This is a familiar pattern with central banks. They create the easy money and loose regulatory environment where bubbles emerge, and then they provide “limitless” liquidity so their friends don’t lose money on the inflated value of their assets. That’s what Tuesday’s $640 billion boondoggle was really all about, propping up toxic bonds that are worth a mere fraction of their original value.
So far, though, Draghi’s Long-Term Refinancing Operation (LTRO) has been a spectacular flop. While interbank lending rates have dropped ever-so-slightly (3-month Euribor fell from 1.404 to 1.410 percent), the banks have not been using the loans to buy more sovereign bonds (which would push down bond yields for struggling sovereigns) or to increase their lending. Instead, they’ve parked a good portion of the money in overnight deposits at the ECB. Here’s the scoop from the Wall Street Journal:
“Use of the European Central Bank’s overnight deposit facility reached a new record high for the year Thursday, suggesting recent measures by central banks and policy makers still aren’t enough to restore confidence in inter-bank lending markets.
Banks deposited €346.99 billion ($453.38 billion) in the overnight deposit facility, up from €264.97 billion a day earlier and a previous high for the year of €346.36 billion, reached earlier this month.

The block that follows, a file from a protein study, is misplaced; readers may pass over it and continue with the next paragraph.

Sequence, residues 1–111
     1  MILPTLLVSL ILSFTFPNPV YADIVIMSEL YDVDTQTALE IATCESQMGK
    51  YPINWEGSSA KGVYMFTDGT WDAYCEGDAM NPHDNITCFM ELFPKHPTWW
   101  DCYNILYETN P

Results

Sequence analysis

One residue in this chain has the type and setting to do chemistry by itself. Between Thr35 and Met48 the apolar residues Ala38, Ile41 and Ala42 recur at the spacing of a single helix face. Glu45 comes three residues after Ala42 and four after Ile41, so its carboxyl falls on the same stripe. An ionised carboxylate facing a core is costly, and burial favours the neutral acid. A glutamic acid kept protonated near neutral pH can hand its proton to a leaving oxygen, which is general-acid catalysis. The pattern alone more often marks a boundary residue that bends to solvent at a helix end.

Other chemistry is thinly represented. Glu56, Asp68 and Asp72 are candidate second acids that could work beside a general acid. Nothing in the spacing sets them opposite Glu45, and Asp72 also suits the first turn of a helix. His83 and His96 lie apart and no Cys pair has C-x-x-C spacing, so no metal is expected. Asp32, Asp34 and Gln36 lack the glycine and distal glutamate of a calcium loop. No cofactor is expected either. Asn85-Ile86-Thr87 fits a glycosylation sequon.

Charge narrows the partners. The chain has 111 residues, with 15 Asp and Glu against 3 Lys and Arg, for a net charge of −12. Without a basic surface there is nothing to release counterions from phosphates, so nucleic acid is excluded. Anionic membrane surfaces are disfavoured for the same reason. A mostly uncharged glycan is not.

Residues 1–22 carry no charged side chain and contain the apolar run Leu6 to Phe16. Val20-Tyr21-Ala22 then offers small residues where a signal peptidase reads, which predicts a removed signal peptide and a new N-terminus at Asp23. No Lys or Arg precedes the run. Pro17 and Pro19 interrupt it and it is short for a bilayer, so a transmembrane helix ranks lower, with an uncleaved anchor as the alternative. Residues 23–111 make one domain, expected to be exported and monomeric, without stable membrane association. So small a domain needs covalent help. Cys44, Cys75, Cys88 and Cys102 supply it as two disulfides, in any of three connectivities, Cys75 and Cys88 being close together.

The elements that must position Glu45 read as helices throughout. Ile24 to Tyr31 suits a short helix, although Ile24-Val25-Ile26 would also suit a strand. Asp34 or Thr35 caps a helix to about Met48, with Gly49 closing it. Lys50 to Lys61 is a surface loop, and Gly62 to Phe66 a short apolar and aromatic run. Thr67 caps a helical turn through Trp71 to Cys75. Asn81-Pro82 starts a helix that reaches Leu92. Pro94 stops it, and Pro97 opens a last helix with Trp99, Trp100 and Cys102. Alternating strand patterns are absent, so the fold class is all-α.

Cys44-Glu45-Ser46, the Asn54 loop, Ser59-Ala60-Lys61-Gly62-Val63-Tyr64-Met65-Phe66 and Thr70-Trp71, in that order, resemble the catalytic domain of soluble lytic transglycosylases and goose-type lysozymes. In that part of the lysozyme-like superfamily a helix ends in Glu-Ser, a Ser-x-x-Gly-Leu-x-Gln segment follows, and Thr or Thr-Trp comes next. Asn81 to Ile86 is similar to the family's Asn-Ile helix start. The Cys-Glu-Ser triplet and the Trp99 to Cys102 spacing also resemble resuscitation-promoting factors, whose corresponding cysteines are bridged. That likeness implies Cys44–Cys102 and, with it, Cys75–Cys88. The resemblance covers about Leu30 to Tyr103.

The high level reflects ongoing distrust in inter-bank lending markets, where banks prefer using the ECB facility as a safe haven for excess funds rather than lending them to other banks.
The high deposit level also suggests markets aren’t fully convinced that the ECB’s massive long-term loan allotment is enough to fortify the currency bloc’s banking sector. The central bank extended nearly half a trillion euros in long-term loans to euro-zone banks Wednesday, hoping to ease fears of a new credit crunch as banks struggle to borrow from markets.” (“ECB Overnight Deposits Reach New 2011 High”, Wall Street Journal)
Can you believe it? So, while most of the loans were used to roll over existing debt, $453.38 billion was stuck back in the vaults of the ECB for safekeeping. In other words, the banks are just as distrustful of each other as they were before the lending facility was launched. And the same is true of the yields on Spanish and Italian debt which Draghi thought would drop after he pumped a half a trillion euros into the banking system. Here’s the story from Reuters:
“Spanish and Italian bond yields crept higher on Thursday and underperformed German debt as markets grew sceptical that banks would use funds borrowed from the European Central Bank to buy lower-rated government bonds.
Banks borrowed a huge 489 billion euros from the ECB at an unprecedented offer of three-year loans on Wednesday, which some had expected to be reinvested in Spanish and Italian debt and help ease borrowing costs.